This is the most useful quadrant, where all tasks that serve no purpose are eliminated. Dealing with this quadrant is neither urgent, nor important; but it is useful, because having a clean-up of tasks that serve you no purpose will free up your time to focus on quadrant 1 and 2. Identifying these tasks is easy. For example, ask yourself whether what you’re doing directly affects your ability to do an urgent and important task. If so, stop doing it. Some examples can include distractions such as mindless web browsing, playing computer games/watching TV, or other inconsequential fixations. That’s not to say down-time isn’t important. But there’s a time and a place, and being disciplined with that time and place is essential to productivity.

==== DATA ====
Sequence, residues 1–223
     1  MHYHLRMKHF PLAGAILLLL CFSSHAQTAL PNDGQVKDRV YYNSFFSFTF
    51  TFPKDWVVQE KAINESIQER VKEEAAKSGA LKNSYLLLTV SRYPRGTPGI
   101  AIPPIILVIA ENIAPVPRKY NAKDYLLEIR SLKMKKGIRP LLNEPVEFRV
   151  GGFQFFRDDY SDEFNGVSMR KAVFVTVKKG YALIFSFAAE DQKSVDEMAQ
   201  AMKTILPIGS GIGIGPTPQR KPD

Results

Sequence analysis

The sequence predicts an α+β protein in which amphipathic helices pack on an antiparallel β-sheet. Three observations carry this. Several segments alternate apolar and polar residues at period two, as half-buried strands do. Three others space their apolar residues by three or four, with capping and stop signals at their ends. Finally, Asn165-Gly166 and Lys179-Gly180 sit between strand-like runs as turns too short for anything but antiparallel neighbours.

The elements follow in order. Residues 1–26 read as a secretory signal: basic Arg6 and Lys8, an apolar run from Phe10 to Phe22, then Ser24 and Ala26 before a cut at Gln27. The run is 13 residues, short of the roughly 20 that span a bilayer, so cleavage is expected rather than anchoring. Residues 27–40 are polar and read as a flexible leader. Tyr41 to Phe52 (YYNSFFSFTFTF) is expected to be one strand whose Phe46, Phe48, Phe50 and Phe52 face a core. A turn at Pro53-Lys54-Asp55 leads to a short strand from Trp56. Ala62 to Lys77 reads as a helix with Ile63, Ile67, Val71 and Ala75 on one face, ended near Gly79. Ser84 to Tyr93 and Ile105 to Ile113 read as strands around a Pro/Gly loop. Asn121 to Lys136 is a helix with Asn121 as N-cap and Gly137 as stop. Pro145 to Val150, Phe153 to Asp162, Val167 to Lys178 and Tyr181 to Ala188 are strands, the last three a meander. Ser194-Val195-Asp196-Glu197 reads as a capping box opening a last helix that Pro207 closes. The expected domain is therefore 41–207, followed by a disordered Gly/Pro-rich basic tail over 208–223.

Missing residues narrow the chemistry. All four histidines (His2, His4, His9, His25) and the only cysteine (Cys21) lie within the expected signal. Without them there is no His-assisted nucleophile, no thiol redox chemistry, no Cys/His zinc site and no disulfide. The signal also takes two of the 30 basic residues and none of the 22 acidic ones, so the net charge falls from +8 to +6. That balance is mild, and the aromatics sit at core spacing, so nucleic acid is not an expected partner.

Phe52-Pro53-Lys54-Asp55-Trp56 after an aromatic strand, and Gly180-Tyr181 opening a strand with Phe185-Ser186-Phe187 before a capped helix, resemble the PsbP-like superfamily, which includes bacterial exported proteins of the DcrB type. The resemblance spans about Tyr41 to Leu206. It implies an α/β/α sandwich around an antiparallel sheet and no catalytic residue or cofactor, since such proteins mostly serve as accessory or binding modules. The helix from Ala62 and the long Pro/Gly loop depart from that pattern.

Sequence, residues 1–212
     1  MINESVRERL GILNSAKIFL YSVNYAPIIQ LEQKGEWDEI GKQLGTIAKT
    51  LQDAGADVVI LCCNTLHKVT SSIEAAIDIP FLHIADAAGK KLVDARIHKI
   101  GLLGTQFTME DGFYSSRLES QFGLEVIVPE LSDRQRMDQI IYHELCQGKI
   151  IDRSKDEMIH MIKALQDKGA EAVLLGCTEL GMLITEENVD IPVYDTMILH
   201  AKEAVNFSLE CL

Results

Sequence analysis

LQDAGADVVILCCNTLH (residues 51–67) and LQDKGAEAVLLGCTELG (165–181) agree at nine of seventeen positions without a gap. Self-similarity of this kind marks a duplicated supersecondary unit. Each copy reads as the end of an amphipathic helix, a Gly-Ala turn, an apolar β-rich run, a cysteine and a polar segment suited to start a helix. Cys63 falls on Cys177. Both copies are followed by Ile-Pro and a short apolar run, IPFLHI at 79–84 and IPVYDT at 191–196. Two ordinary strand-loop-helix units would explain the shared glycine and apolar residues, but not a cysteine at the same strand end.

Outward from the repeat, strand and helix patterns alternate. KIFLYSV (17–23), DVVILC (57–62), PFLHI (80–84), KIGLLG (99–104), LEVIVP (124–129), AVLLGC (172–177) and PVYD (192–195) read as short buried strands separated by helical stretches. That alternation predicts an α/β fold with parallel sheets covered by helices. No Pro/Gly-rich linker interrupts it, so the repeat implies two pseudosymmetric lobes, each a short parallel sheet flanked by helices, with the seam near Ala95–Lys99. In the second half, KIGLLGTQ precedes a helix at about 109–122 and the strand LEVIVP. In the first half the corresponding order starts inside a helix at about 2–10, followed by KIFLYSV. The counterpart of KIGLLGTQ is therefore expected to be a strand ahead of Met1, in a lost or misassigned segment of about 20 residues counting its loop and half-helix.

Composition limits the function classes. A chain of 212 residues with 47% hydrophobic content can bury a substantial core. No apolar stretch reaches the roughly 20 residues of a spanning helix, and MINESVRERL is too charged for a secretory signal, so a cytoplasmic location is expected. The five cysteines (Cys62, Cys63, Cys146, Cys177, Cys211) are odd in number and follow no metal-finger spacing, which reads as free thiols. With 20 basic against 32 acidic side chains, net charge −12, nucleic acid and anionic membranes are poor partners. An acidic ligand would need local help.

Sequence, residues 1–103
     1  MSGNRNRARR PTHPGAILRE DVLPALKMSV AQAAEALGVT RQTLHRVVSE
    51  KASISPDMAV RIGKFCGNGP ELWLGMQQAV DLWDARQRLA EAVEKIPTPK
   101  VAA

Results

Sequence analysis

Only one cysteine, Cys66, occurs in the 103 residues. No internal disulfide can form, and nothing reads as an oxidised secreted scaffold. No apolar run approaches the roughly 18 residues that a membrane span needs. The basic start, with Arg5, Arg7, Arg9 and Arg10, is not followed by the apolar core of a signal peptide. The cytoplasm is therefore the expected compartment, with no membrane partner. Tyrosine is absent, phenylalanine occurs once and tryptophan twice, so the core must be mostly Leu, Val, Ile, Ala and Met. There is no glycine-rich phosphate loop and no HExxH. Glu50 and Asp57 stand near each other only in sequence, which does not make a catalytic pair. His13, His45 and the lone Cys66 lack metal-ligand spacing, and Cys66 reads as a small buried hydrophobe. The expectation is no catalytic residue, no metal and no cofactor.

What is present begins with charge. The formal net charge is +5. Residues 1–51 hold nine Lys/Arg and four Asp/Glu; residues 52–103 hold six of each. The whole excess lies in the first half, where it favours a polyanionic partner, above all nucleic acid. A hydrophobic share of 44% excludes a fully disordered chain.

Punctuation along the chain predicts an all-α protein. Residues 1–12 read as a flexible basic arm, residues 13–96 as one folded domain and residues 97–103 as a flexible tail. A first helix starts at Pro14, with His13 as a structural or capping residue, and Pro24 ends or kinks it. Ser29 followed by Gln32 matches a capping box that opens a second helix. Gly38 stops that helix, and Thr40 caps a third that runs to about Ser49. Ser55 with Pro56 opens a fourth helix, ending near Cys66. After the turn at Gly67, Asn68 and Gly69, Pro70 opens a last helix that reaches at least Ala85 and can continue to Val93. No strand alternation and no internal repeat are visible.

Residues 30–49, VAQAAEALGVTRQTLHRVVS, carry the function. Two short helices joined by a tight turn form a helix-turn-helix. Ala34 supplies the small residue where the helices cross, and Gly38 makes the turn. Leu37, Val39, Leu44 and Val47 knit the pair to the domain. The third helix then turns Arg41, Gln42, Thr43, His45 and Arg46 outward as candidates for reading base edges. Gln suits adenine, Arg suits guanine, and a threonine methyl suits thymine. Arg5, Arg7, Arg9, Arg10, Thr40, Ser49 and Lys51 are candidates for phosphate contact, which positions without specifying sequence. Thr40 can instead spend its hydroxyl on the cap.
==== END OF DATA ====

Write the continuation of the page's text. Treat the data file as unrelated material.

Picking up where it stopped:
Now you understand the matrix a little better, you may be asking yourself how easy or practical it is to implement. How do we stop ourselves from being distracted? How do we identify each quadrant with certainty?
We all procrastinate. But why we do is the key to overcoming it. Most of us are reactive and not pro-active, which means we spend a lot of time completing Do tasks, dipping in and out of Plan tasks, and either ignoring Delegate and Delete tasks or promising ourselves we’ll get to it later. Plan tasks are where most of us get stuck, because they don’t call for us to react immediately, but they are important, so we spend a lot of time thinking about them. One way to figure out if this is you is to assess yourself through a weekly or bi-weekly period. Create enough blank Eisenhower Boxes to cover your assessment period, then fill it in daily with everything you’ve accomplished. At the end of the period, combine the data and work out the time you’ve spent in each grid. You can even work out a percentage, which will give you a clear indication of how long you’ve focused on the individual quadrants.